David Storey’s depths on display tonight
Inside many a comedic talent is a pain-wracked soul tortured by the pointless cruelties, absurd pettiness and senseless tragedies of life. It has, in fact, been suggested that all comedy is essentially founded on pain of one kind or another, the theory going on to postulate that laughing is, in fact, an alternate reaction to crying when experiencing anguish —maybe explaining why some people cry when they’re happy and others laugh maniacally when threatened by mortal danger.
Perhaps this helps us to understand how David Storey, an obviously very funny guy (along with Brent Butt they developed “Corner Gas” tv series and movie, and also principal director of both) can write such poignantly rich songs that contain so much pathos and even bathos.
Although fairly new to the TO Roots scene (perhaps his commitments to tv were all-consuming prior to when I met him in 2012) David has quickly acquired a clutch of fans since releasing a 5-song debut album that, as I told you two years ago, is a handful of gems.
Compositions such as “(We Are) The Greatest” from the debut disc (about an old friend dying of cancer) and more recent compositions such as “I Can’t Complain”, “Candles of St. Adelaide” and his future hit, “Last Loon On The Lake”, are compelling story-songs with messages of substance, touches of irony and sometimes suffused by the aforementioned darker spirits, yet coming across as everyday truths plainly delivered, though with grace, passion and style.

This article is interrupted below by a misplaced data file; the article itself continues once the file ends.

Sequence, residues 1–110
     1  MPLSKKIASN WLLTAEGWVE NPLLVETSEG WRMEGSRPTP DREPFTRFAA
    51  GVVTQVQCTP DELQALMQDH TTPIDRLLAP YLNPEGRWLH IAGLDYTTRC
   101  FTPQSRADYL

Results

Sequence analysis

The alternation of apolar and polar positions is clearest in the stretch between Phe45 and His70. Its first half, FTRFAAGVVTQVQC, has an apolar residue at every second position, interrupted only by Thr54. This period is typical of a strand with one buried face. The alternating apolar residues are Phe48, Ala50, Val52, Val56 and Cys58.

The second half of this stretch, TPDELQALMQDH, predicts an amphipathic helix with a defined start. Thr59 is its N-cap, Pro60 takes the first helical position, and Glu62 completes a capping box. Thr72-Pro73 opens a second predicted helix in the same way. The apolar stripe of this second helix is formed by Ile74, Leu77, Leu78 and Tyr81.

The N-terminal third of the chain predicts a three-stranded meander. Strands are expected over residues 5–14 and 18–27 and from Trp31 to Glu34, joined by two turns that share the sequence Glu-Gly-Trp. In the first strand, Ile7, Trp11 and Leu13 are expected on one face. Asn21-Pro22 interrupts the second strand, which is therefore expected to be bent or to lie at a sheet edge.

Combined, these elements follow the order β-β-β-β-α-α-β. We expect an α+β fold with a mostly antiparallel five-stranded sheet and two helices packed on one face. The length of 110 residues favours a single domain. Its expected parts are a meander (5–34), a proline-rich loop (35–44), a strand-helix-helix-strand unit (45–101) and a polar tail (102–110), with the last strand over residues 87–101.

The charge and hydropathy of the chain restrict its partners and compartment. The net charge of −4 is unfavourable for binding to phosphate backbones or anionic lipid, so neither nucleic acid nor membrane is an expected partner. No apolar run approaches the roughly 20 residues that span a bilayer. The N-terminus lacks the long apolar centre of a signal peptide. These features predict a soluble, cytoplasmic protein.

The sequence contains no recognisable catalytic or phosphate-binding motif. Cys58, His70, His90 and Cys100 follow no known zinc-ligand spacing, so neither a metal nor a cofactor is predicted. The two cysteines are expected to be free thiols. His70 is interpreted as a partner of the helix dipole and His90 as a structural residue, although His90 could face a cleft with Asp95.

On one recording I made of him performing a couple of his tunes in a packed bar in September of 2013, the hubbub dies down quickly and by half way through the first song there wasn’t a peep emanating from the audience.
Although he’s done a few showcase appearances in the past two years, David’s probably more familiar to those who attend open stages —such as Julian Taylor’s excellent one at Dora Keogh Mondays, where tonight Storey is the feature— and across the street at Sebastian Agnello’s Black Swan Monday open mic.
What will make his half-hour feature set at Dora tonight (starting around 9, 141 Danforth Ave.) particularly memorable for Storey fans is that he can be expected to basically run through tunes from a new full-length album of originals that he just finished recording exactly a week ago and that should be ready for release by late summer or early autumn, he tells me.
This is likely to be Storey in his musical prime and is also a great chance to lay your hands on one of his eps while there’s still a few to go around.
-Gary 17, TorontoMoon.ca